Heritage Fellow on Excavating Ramses II Gateway

By: Amy Karoll, 2012 Heritage Fellow

This is the second year that I have excavated with the Jaffa Cultural Heritage Project in Tel Aviv-Yafo.  With the help of the Heritage scholarship, I was able to help fund this second year here.  I am a staff member, and oversaw excavations in the LBA Egyptian gateways in Area A. Continue reading

Heritage Fellow Reports Discoveries at Marj Rabba

By: Brittany Jackson, 2012 Heritage Fellow

Season Four at Marj Rabba, Israel, has been one of our most successful, thanks to funding from ASOR. The Marj Rabba excavations, led by Dr. Yorke Rowan (University of Chicago) and Dr. Morag Kersel (DePaul University), are very important for exploring the virtually unexplored lifeways and material culture of the Galilee during the Chalcolithic (c. 4500-3500 BC). As a recipient of the Heritage Fellowship, my participation has been vital to training new excavators (of whom we had almost 20 this year!). As part of my work, I have led excavations in one of our areas, where we have had many very exciting and promising finds this season.

During the 2011 season at Marj Rabba, the area I supervise was started by opening two five meter by five meter excavation units. We were hoping to better understand and explain the relationship between two previously excavated areas of the site, which appeared to have at least two different building phases. The season proved very rewarding, as excavators uncovered at least five stone wall remnants, three of which were seemingly large, well preserved, and apparently contemporaneous, and appeared to form the majority of a possible storage room.

This season, we decided to expand excavations by adding an additional five meter by five meter excavation square to the area, and, lo, we found the final, closing wall to the well preserved room, as well as a series of other very exciting finds. Excavators and students have uncovered multiple beads of various materials, as well as bone tools and jewelry, and obsidian, which was imported from Turkey.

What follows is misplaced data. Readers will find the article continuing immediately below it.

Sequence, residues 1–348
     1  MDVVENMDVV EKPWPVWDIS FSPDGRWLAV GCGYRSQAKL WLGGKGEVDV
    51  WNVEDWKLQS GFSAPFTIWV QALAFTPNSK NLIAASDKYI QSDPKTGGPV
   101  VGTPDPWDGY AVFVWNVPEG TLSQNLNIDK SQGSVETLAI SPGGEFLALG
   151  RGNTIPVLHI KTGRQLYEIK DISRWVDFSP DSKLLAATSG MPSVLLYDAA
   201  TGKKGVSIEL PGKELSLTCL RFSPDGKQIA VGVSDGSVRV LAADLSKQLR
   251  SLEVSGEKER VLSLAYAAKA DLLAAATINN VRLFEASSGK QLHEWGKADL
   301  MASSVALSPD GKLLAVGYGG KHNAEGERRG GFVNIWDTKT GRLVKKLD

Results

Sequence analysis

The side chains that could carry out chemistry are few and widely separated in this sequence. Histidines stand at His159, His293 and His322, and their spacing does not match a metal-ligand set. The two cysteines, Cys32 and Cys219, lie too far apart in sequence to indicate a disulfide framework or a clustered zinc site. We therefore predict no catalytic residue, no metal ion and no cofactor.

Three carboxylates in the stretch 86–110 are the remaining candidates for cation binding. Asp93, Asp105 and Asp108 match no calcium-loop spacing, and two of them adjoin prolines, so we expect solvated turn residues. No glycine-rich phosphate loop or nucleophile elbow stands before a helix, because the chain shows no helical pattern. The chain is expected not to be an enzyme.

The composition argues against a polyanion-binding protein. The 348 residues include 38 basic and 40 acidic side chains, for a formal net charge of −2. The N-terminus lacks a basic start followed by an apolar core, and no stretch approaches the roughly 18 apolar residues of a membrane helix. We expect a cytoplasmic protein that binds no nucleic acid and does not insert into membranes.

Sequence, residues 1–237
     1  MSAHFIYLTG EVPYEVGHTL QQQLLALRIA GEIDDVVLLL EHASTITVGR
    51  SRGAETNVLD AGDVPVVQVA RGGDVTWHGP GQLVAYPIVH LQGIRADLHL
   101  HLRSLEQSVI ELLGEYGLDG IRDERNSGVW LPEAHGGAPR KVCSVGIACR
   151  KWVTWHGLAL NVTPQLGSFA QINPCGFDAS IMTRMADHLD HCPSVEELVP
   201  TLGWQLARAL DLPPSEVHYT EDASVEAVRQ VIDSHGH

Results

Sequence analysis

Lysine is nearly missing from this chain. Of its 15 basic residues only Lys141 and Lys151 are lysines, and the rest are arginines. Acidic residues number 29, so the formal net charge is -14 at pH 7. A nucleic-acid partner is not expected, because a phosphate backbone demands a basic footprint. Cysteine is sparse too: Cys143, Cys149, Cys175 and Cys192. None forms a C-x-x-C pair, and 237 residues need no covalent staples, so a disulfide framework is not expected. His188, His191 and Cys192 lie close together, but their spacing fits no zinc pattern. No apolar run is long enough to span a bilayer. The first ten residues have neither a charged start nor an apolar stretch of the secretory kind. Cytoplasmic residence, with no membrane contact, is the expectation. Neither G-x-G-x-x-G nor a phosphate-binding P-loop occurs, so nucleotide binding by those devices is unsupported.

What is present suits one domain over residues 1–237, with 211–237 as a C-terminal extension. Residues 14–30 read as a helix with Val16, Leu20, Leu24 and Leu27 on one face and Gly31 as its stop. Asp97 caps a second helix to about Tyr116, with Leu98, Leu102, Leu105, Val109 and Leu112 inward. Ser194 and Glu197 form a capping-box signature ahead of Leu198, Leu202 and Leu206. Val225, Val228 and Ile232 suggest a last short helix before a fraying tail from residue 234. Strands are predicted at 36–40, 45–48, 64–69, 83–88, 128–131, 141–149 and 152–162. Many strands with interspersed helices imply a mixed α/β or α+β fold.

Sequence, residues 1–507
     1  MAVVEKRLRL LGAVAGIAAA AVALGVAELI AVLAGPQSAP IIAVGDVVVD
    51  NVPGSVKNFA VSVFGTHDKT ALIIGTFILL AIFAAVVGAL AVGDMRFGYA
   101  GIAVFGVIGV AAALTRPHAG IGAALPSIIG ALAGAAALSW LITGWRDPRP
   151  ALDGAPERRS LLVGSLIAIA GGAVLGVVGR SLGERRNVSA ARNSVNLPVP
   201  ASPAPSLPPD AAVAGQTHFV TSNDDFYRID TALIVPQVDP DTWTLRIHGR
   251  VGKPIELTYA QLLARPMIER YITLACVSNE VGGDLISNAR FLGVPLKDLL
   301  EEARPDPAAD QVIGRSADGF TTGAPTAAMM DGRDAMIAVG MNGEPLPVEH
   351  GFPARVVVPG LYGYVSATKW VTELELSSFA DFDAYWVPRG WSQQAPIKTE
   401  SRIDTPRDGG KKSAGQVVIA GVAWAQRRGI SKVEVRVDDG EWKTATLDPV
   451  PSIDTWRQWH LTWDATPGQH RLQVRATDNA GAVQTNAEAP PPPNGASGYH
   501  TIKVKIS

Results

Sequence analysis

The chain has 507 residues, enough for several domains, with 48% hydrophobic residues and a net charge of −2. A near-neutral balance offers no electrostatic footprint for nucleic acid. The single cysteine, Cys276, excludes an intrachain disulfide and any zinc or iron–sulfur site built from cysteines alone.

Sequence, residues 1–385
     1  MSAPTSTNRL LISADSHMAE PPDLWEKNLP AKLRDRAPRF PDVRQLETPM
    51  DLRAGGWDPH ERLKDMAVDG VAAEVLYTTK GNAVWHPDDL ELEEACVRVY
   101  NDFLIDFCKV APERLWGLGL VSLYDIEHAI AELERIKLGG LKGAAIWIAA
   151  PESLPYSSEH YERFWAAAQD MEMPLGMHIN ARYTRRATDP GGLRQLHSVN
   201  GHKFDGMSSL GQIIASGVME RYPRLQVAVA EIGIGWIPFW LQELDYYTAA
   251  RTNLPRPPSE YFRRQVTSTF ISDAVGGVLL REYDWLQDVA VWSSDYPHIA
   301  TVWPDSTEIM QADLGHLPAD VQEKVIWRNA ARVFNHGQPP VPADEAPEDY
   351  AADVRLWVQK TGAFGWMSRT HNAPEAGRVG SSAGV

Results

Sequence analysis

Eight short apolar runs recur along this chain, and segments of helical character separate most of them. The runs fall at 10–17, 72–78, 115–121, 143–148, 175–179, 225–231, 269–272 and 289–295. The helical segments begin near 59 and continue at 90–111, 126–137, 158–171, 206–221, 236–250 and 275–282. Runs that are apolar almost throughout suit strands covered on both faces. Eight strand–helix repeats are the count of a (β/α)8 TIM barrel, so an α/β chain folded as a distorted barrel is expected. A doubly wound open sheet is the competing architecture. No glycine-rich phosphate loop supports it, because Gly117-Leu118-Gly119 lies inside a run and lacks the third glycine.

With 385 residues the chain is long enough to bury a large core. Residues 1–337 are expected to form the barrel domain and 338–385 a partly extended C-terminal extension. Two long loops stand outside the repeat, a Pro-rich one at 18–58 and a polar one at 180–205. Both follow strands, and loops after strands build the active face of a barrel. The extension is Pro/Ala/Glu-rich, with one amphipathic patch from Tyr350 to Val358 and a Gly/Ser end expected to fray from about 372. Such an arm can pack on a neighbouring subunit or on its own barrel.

We still have about two weeks until the end of our 2012 excavation season, and staff, interns, and students are all working hard to make sure this is the best season yet! The storage room in my area is still being excavated, and it appears that our stone-built walls are better preserved and larger than any of us could have hoped. Thanks again to ASOR, for supporting my participation in Marj Rabba’s search for the prehistory of the Galilee!

 

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Platt Fellow’s Close Encounter with a Camel


By: Patrick Clark, 2012 Platt Fellow

This summer I had the privilege of receiving the Platt Fellowship.  This generous grant enabled me to join Dr. Andrew M. Smith II for a second incredible field season at Bir Madhkur.  In my photo I am sitting on a boulder in a wadi, recording a Bedouin camp built on a Roman-era wadi terrace.  My friend, and our guide, Musa yells “Shoof, Ghadeer (my Bedouin name)!”  I look up. A camel is walking up to me.  Continue reading

Fellowship Provides Archaeological Experience for Religious Studies Student

By: Shane Edwards, Claremont Graduate University, 2012 Heritage Fellow

I just returned home from a wonderful experience on an archaeological excavation thanks to an ASOR Fellowship. The monies helped fund the four weeks I spent at the Akko tel located near the old city of Akko, Israel. This is my first opportunity to participate on a dig and it has given me a perspective that will aid with my religious studies research.

Continue reading